Okay, we might be starting with a bit of a dodgy example.  Antonio Álvarez was a club legend who became essentially a caretaker manager; he was Sevilla’s assistant coach when Manolo Jiménez was sacked, and took charge of Los Rojiblancos who were in fifth place with 10 games left… oh, and still had to play a Copa del Rey final.  Álvarez led them into a final Champions League position, and then a 2-0 win over Atlético Madrid for Sevilla’s second King’s Cup in four years.   But two nail-biting losses to Braga in UCL qualifying that summer, followed by a 1-0 home loss to Paris-Saint Germain and a mediocre 2-2-1 start to La Liga season, and Álvarez was out.   Who knows how influential he was?  Think of him as a Spanish version of Roberto Di Matteo.

Elie-BaupÉlie Baup
Age: 59
Nationality: French
Honours: 1999 Division 1 Champions with Bordeaux

“*Blitzkreig” Baup won the French league in his first year in charge of Les Girondins, and then leading them to a top-four finish in all but one of the next four seasons, while picking up a League Cup along the way.   But after a disasterous start to the 2003-2004 campaign, Bordeaux let him go.  An unimpressive stint at Saint-Étienne then led to his move to Toulouse in 2006, when he led the constantly relegation-threatened club to third place and a Champions League spot.   He moved onto Nantes and then Marseille, taking over from Didier Deschamps in 2012.  The mighty Marseille had finished a lowly 10th spot when Deschamps left; yet again, Baup moved in and guided his club into a Champions League spot.   But again, poor results last season got him the sack.   He’s been without a job just over a year… surely there must be something for him in England.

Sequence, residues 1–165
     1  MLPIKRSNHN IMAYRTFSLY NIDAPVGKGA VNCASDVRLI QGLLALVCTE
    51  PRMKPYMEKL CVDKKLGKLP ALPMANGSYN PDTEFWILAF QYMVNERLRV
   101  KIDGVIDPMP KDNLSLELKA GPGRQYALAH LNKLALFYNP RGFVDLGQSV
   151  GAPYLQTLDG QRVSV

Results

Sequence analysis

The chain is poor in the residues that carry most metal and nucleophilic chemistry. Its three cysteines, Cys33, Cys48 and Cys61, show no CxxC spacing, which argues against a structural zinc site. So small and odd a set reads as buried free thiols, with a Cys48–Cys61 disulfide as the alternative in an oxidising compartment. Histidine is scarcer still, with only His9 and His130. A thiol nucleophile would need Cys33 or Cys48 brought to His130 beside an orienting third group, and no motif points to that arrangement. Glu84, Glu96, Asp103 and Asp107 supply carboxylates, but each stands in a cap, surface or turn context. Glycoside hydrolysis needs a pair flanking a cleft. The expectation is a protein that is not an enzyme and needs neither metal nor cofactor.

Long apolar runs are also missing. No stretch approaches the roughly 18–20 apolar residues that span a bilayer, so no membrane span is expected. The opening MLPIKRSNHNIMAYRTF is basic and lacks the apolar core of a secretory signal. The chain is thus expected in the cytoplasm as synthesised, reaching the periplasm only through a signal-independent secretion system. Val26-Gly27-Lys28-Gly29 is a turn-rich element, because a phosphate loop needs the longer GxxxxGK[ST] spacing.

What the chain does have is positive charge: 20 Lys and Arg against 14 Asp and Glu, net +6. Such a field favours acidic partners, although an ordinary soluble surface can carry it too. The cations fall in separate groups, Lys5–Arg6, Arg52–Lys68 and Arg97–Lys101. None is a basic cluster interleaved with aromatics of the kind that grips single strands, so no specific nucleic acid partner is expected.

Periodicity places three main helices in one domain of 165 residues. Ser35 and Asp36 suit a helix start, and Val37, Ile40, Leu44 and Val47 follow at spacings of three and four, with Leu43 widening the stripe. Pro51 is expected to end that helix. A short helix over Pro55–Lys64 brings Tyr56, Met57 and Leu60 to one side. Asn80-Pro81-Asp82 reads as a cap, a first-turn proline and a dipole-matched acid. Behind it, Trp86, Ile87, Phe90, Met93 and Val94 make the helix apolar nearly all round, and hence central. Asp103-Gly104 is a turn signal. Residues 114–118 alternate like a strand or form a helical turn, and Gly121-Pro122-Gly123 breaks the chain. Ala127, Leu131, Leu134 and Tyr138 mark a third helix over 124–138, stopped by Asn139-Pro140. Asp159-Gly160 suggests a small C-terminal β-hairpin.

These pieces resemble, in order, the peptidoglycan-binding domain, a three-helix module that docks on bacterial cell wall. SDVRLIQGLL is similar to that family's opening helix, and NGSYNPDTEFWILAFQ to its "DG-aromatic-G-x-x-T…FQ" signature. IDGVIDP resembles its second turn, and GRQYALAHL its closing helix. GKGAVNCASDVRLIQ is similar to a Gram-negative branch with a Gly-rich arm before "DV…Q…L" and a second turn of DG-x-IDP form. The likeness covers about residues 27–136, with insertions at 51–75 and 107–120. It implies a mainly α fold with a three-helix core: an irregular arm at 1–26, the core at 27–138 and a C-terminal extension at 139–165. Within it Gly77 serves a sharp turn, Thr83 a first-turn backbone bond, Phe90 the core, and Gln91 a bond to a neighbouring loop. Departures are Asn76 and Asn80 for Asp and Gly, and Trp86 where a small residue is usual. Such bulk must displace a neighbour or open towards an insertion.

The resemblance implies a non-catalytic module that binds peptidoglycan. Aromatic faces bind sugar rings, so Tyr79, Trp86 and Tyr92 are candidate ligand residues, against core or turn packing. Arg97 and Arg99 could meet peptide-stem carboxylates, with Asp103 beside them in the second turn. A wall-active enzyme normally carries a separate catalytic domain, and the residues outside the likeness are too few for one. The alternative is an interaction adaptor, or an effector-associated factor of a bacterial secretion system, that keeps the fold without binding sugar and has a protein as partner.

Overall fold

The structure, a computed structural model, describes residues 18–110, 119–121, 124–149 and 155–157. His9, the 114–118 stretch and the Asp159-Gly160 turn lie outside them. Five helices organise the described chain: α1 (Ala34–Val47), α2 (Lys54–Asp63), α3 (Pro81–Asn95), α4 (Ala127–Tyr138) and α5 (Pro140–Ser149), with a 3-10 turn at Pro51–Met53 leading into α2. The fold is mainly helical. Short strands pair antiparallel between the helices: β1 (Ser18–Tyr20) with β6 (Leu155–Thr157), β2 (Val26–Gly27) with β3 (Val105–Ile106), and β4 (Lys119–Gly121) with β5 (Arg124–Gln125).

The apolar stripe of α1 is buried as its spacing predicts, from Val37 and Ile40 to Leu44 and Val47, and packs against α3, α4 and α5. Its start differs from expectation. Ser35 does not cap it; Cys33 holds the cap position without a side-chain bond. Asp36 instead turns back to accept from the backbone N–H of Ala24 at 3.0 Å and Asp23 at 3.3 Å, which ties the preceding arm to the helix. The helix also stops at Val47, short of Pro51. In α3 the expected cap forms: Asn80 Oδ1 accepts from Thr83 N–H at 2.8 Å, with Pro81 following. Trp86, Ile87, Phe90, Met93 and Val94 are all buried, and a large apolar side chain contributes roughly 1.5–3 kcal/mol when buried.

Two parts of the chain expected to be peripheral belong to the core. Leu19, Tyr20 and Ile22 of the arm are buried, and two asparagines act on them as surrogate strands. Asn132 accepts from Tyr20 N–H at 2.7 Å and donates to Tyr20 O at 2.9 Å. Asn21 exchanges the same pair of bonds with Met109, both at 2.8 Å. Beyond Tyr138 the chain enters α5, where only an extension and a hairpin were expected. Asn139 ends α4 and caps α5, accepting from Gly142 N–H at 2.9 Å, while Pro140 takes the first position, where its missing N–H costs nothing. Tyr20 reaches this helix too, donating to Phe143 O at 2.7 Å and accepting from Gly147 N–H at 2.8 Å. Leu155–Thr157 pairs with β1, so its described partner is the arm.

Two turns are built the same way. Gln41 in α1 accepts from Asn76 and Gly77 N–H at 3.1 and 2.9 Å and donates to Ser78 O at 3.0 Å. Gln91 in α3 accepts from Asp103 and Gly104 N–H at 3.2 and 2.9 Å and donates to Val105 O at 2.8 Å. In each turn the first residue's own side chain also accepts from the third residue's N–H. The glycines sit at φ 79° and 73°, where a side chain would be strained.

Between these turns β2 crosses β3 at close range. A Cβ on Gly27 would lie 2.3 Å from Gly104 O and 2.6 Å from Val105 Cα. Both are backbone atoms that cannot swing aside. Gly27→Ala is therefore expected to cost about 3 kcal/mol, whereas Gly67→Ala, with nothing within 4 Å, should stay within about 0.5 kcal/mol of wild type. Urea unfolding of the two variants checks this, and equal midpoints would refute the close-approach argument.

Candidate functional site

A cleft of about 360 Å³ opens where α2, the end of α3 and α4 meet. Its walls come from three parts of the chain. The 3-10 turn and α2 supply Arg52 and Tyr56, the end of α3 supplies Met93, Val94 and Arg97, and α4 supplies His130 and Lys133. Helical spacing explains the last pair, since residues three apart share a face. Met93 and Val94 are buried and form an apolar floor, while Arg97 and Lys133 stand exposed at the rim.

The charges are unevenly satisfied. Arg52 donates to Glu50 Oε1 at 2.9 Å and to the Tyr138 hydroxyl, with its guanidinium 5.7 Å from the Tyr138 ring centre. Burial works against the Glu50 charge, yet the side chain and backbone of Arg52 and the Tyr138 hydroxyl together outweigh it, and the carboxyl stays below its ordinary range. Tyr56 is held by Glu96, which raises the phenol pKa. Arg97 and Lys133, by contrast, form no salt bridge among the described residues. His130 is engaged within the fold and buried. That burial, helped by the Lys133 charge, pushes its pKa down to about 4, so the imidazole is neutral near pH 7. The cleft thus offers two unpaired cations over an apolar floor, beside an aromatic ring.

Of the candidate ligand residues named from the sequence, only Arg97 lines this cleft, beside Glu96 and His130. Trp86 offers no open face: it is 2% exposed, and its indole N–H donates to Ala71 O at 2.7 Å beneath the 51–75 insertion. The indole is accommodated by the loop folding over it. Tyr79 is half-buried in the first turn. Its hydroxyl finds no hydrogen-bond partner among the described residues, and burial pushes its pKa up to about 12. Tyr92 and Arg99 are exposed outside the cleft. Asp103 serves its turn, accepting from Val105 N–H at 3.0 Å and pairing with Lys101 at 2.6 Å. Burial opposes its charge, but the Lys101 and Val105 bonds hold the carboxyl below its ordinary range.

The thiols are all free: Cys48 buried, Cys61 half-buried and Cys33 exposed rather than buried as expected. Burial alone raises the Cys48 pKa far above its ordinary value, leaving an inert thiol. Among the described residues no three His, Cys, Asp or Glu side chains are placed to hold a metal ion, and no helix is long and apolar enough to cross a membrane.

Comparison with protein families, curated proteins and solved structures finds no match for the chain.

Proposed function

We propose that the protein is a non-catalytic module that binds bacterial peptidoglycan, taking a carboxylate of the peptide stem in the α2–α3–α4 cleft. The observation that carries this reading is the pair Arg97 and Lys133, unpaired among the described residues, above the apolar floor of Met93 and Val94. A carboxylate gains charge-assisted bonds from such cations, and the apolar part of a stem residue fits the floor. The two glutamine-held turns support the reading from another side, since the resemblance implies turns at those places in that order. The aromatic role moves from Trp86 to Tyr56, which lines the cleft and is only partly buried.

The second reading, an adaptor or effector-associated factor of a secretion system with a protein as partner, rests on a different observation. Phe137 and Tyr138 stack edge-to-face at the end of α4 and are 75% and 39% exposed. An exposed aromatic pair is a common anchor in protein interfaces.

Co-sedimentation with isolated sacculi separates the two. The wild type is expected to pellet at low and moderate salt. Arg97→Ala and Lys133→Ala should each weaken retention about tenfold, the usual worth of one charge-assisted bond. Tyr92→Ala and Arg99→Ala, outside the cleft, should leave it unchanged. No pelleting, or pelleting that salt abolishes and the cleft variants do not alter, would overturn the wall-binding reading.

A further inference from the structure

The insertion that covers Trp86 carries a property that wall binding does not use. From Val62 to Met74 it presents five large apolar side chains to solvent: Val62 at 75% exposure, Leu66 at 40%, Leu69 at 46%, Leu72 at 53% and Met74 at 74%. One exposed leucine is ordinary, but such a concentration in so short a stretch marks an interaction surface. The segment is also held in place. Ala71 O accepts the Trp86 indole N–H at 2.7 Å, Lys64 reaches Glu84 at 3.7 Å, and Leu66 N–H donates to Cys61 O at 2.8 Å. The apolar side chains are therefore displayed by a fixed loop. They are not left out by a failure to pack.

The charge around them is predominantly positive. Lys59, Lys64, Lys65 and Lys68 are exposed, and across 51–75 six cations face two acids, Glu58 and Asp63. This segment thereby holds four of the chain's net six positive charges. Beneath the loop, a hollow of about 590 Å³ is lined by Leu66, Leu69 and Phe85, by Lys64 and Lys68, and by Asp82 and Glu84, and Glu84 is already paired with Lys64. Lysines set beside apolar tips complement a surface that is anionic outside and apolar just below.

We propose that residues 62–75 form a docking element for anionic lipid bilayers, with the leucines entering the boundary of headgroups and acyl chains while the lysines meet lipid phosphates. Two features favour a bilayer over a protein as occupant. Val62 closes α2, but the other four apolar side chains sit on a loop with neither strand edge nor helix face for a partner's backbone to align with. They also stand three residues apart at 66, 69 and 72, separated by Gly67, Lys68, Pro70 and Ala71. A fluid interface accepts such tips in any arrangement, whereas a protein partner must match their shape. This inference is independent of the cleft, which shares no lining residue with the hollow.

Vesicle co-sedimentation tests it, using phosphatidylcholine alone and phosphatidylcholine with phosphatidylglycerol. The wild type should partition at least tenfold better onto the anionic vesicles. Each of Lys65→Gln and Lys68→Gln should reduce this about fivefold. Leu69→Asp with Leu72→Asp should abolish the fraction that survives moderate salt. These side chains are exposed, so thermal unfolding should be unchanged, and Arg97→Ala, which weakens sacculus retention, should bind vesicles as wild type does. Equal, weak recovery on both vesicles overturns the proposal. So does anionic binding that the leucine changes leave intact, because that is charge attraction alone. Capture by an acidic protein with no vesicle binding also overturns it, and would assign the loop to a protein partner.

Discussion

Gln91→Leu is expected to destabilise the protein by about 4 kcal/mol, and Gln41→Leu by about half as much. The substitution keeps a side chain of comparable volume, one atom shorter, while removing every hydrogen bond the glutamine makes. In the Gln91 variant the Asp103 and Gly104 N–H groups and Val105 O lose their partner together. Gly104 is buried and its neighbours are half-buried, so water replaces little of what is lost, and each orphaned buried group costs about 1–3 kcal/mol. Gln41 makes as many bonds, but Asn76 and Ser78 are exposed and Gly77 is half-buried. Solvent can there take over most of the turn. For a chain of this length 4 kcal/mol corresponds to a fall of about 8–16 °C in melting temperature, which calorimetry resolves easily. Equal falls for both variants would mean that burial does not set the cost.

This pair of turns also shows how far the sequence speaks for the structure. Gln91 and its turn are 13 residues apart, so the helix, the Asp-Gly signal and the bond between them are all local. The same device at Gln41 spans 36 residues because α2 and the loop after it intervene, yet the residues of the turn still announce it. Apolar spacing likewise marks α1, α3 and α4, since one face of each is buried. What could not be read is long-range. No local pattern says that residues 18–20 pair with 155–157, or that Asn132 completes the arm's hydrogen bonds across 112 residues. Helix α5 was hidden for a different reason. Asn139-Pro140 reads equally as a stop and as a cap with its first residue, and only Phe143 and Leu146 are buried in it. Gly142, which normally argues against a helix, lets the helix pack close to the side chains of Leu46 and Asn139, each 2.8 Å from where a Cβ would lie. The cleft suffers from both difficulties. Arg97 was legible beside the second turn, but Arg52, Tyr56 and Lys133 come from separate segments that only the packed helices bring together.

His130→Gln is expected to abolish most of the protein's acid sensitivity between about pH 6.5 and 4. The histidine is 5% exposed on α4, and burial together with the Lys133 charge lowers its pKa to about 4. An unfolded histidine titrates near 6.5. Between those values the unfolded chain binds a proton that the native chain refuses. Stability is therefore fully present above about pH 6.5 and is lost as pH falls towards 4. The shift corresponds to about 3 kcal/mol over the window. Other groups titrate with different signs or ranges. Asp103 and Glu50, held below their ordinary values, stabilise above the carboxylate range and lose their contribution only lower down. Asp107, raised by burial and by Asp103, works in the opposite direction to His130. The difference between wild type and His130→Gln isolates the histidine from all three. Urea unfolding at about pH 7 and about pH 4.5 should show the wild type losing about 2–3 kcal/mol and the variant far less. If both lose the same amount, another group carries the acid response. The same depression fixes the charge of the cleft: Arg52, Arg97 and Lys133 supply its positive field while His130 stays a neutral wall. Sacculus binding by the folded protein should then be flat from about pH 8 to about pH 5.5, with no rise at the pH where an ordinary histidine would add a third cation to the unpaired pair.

*Not his real nickname, to my knowledge

18FEB11LuisFernandez_800x600_t325Luis Fernández
Age: 55
Nationality: French
Honours: 1995 Coupe de France, 1996 Cup Winners’ Cup with Paris Saint-Germain

Luis Fernández is another example of a young manager whose career sputtered after a flash of brilliance.  The Spanish-born Frenchman left Cannes at 34 years old to coach in the capital, and led PSG to two domestic cups, a third-place league finish, and a Champions League semi-final.   The following year, he would win what is still PSG’s only major European Trophy, the Cup Winners’ Cup.  He then left for Spain  where he guided Athetic Bilbao to its best finish in 14 years.   But a few mid-table seasons later, then a return to PSG,  was followed by some more work in France, Spain and Israel (including with the national team).  Fernández has not managed since 2011; just this week, he told French media that he wants to return to coaching.